Other notable examples of visual hyperacuity are:

  • Curvature detection: the judgment of deviations from a contour’s rectilinearity;
  • Sharpness or smoothness of an edge: detection of edge or line corrugations;
  • Stereoacuity: the ability to discriminate very small differences in depth in three-dimensional configurations.

In each of these cases, thresholds are a small fraction of a cone diameter.

Elements of the detecting apparatus of sensory systems are not distributed continuously over the stimulus domain and for reasons of economy are usually spaced with little or no overlap. But when their responses are graded in intensity, location within the realm of stimuli can be ascertained with a much finer grain than the individual receptor stations. A good insight into the process is afforded by what is called anti-aliasing in computer displays. Only discretely localized compartments of LCD screens can be lit up, but by varying the brightness within a small group of adjoining pixels, small blobs whose positions are governed by their light centroids can be localized with sub-pixel resolution. This localizing ability or hyperacuity in no way nullifies the resolution limit (resolving power = acuity) mandated by the pixel spacing.

Such a view of neural processing has strong implications for the simplistic version of the neuron doctrine of perception, according to which each percept has its neural counterpart embodied in a single neuron. From the fact that locations in visual space can be determined to a few seconds of arc it need not be concluded that the neural visual field is tiled with the astronomical number of neurons that would be needed to represent that many locations. The alternate interpretation envisages local differencing circuits, far fewer in number, operating on a range of input signals to arrive at relative position estimates much better than the spacing of the ensemble of discrete units through which the image had been funneled. A mathematical analysis of this situation has been offered by Snippe & Koenderink (1992).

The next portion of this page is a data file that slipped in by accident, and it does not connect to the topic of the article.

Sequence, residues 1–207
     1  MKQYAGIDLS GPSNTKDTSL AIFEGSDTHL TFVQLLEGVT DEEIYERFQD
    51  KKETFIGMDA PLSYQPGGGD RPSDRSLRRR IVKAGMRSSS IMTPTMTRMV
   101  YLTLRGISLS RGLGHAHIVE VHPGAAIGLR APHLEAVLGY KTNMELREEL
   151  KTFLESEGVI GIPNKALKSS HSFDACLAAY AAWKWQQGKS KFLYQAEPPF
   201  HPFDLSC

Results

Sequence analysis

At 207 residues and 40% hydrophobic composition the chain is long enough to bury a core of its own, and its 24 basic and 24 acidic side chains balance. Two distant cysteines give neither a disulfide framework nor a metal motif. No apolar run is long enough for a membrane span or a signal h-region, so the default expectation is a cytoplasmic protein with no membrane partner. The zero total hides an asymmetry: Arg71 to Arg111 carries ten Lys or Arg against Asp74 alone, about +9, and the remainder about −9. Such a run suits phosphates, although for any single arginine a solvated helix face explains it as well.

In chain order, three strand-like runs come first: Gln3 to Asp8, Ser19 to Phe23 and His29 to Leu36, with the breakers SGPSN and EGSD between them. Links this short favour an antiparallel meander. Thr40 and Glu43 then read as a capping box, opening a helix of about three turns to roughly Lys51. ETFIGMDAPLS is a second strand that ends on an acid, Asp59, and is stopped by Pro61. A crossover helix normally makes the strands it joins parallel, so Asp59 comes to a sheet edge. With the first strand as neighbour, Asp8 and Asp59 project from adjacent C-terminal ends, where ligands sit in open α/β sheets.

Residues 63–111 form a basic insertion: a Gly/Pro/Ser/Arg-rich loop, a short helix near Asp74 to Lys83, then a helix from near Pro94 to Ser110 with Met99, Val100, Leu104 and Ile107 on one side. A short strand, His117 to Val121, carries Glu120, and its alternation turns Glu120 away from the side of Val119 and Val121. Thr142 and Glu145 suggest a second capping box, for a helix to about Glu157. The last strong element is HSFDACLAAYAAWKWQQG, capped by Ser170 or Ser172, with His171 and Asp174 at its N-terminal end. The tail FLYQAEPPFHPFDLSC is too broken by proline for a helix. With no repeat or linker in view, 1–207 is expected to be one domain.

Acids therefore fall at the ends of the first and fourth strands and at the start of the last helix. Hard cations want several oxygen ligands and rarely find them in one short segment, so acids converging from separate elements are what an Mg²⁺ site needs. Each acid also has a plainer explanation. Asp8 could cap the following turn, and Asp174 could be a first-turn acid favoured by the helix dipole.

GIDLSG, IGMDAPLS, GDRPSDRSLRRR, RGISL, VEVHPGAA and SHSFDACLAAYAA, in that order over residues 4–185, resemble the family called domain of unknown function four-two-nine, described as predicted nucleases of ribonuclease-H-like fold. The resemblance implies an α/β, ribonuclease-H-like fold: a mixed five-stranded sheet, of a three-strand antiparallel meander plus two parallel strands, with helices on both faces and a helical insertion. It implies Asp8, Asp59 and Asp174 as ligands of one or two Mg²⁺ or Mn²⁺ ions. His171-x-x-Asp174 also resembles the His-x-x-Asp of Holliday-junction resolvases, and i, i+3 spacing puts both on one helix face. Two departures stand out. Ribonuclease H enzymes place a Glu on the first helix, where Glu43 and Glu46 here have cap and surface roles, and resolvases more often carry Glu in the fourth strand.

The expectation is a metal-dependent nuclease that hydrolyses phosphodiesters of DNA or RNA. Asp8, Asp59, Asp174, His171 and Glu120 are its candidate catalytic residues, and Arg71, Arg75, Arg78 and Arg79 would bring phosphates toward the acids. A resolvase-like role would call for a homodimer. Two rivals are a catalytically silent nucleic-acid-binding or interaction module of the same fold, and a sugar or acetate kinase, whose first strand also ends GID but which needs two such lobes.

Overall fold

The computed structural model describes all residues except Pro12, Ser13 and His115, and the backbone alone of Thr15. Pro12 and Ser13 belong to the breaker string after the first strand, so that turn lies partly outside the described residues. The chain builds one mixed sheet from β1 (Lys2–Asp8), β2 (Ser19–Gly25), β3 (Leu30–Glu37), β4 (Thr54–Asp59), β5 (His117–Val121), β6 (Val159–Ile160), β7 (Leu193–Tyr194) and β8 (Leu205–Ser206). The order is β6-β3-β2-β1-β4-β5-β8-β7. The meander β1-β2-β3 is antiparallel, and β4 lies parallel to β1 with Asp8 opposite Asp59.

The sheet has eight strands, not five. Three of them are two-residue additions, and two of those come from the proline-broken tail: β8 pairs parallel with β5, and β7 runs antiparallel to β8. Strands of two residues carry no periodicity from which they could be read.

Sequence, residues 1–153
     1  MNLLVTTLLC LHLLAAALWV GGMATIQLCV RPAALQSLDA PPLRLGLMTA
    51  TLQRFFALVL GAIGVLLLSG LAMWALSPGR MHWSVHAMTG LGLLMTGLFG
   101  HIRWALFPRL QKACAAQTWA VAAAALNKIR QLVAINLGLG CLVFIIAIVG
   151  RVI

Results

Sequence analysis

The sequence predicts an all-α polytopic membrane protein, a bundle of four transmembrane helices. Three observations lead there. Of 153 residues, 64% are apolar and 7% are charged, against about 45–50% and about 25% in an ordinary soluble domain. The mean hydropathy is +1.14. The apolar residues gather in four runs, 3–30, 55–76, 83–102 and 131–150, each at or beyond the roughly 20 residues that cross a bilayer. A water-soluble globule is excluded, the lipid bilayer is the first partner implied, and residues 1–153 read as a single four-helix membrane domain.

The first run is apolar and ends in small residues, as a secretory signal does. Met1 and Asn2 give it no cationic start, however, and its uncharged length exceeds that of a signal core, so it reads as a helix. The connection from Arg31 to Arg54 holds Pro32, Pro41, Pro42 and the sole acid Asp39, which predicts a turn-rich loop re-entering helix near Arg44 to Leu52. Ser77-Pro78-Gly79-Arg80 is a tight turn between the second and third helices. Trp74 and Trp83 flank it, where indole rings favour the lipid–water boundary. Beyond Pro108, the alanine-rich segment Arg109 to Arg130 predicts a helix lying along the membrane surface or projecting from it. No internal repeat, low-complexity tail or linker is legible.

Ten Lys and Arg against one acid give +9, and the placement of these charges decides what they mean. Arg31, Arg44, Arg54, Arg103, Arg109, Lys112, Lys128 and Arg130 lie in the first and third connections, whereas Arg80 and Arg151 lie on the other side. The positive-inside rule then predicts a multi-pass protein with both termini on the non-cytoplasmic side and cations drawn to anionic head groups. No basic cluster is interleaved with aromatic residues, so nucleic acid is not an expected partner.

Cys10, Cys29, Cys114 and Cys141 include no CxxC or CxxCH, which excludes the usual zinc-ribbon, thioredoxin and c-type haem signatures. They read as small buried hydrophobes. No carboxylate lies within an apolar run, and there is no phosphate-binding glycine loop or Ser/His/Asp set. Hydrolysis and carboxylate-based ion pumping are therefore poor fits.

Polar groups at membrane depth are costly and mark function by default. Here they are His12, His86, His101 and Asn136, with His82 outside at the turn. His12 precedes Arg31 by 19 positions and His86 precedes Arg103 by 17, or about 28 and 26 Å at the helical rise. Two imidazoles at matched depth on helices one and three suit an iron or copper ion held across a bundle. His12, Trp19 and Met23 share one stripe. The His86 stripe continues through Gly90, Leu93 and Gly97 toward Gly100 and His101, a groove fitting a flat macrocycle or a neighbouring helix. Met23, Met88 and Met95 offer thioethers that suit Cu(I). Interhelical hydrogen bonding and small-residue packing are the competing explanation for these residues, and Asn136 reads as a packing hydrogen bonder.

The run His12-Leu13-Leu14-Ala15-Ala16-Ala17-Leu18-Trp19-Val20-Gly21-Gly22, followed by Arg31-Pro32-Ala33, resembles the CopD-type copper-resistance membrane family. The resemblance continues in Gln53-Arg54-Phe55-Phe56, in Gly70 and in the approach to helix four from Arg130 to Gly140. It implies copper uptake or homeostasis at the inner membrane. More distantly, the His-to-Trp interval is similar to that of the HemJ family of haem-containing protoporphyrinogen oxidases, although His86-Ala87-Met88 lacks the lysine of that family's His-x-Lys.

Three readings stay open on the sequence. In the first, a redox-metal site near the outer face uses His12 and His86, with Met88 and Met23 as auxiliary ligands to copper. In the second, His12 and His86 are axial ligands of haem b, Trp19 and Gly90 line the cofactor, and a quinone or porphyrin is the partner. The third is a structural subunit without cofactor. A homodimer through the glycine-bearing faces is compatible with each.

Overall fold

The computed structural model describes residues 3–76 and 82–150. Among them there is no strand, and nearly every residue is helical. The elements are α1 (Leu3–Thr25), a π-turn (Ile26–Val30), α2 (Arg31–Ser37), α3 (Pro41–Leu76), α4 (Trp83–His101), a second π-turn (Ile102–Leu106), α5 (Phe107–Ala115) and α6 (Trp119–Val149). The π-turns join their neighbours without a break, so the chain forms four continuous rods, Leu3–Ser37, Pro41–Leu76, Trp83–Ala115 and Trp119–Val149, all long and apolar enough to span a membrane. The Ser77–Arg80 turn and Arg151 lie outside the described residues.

A specific and very instructive example of hyperacuity processing is in color vision. Here the number of stations in the stimulus spectrum is limited to three in normal observers, though in this particular case they have widely overlapping acceptor functions (spectral absorption curves). Finely-tuned differencing operations between their outputs allow thousands of hues to be differentiated.

Hyperacuity processing has also been identified in hearing, where many more pitches can be discriminated than there are hair-cell stations along the basilar membrane in the cochlea (Altes, 1989), and in touch, where the distinction between resolution (one Braille marker or two?) in terms of millimeters can be counterpoised to high-precision judgment of surface properties and distances in terms of micrometers (Loomis, 1975).

A concept related to hyperacuity but separate from it is so-called superresolution. One of its implementations is based on a prior statistical association between target minutiae that have not been transmitted to the image and others that have. By a kind of Bayesian inference a decision about absent target components is made from features that are contained in the image and the associated statistics.


  • Altes RA 1989. Ubiquity of hyperacuity. J. Acoust. Soc. Am. 85, 943-952
  • Kaufman PL, Alm A. 2003. Adler’s Physiology of the Eye St. Louis Mosby 10th Ed. Chapter 17 pp 453-569
  • Levi DM, Klein SA, Aitsebaomo AP 1985. Vernier acuity, crowding and cortical magnification. Vision Research, 25, 963-977.
  • Loomis JM 1979. An investigation of tactile hyperacuity. Sensory Processes, 3, 289-302.
  • Snippe HP, Koenderink JJ 1992. Discrimination thresholds for channel-coded systems. Biological Cybernetics, 66, 543-551.
  • Westheimer G 1975. Visual acuity and hyperacuity. Invest Ophthalmol, 14, 570-2.

Further reading

  • Westheimer G. 2008. Hyperacuity. In Squire, L.A. (ed.), Encyclopedia of Neuroscience. Academic Press, Oxford.